Are you training or untraining your horse? 11-26 -16
ARE YOU TRAINING OR UNTRAINING YOUR HORSE?
By Rick Dennis
Nov. 26, 2016
Rick Dennis and Dualin Oak.
I’m often asked, by my students, “How do I maintain my horse in the proper training mode after I take my horse out of training?”
The easiest answer to this question is, “Always ride the horse in the same manner you were taught by your trainer and ride often.”
It takes approximately three days a week to maintain a horse’s training. As a professional reined cow horse trainer, it’s easy for me to train your horse but the hardest element comes afterwards (i.e.) training the student to ride in my style.
Teaching comes easy to some and to others it’s very hard to impart the fundamentals necessary to establish a cohesive equestrian team. Some trainers are very astute at training your horse but find it difficult to impart this wisdom to the student and often become frustrated by inefficiency on the student’s behalf.
Notwithstanding, great trainers aren’t always great showmen and great showmen aren’t always great trainers. In order to be a great trainer, showman and teacher, it takes a lot of skill, hours of repetition and a deluge of patience.
Another hazard some trainers have is adjusting the training of the horse to fit the skill of the rider. A lot of trainers can train a fast horse but consequently a lot of trainers can’t train a slow horse or a horse that fits the rider’s skill level.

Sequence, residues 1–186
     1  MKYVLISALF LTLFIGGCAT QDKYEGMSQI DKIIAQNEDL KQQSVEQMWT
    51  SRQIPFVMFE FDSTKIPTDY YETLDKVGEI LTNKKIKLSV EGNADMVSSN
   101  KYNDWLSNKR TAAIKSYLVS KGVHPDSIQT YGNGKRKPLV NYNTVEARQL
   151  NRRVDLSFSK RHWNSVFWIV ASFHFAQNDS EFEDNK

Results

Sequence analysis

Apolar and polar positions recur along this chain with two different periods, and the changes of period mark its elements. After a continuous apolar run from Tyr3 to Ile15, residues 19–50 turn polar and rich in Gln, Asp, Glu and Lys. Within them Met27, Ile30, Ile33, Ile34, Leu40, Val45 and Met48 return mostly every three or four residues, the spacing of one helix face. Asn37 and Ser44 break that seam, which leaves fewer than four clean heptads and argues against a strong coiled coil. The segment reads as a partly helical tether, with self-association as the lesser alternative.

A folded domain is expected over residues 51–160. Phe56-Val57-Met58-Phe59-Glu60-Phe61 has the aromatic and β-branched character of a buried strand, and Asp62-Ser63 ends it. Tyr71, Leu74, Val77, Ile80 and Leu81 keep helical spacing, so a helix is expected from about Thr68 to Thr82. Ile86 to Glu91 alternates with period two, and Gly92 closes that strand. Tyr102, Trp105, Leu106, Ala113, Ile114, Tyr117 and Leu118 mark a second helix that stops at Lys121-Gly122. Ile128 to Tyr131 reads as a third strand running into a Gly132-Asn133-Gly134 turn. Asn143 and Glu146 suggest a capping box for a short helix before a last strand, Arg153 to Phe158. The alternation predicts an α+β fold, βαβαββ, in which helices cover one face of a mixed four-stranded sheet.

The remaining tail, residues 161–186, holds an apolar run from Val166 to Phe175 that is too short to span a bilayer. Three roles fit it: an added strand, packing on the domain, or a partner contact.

In order to reach the proper balance, I always have a training or schooling horse around for students to learn on. In so doing, I provide the student with an opportunity to learn on a horse that’s normally above their experience and skill levels but trained exactly the same way their individual horse is trained. This builds confidence along the way.
The only way a student is going to increase his or her equestrian proficiency is by learning to ride horses above his or her present skill level and by competing against more skilled riders. A more apt way of describing this transition is by the old adage, “You can’t win on a slow horse.”
Therefore, while in your in training ask as many questions as possible to properly understand the maneuvers as well as applications necessary to maintain the proficiency of your horse when it’s out of training. If you don’t quite understand what the trainer is trying to tell you, simply ask him or her to repeat the maneuver requirements until you thoroughly understand it. My advice to my students is to make a diligent effort to ride often and ride the horse in the same manner you were taught during private instruction every time your in the saddle.
While riding your horse at home and you become confused or you can’t quite execute the maneuver exactly the right way, contact your trainer and ASK. At all times be cognizant of your posture and use the same hand and leg cues you learned during training while riding at home. Correctness is the essential element required to maintain your horse’s training. If, on the other hand, the equestrian becomes lackadaisical in his or her riding style, the horse will eventually adopt this new riding style and will revert from the original training. If you allow your horse to cheat during a maneuver, the horse will cheat you in the show pen
“Until Next Time, Keep Em Between The Bridle”
Copyright 2016, all rights reserved.
WIND RIVER COMPANY L.L.C.
Richard E. “Rick” Dennis
Contact Phone: (985) 630-3500
Web Site: http://www.windrivercompanyllc.com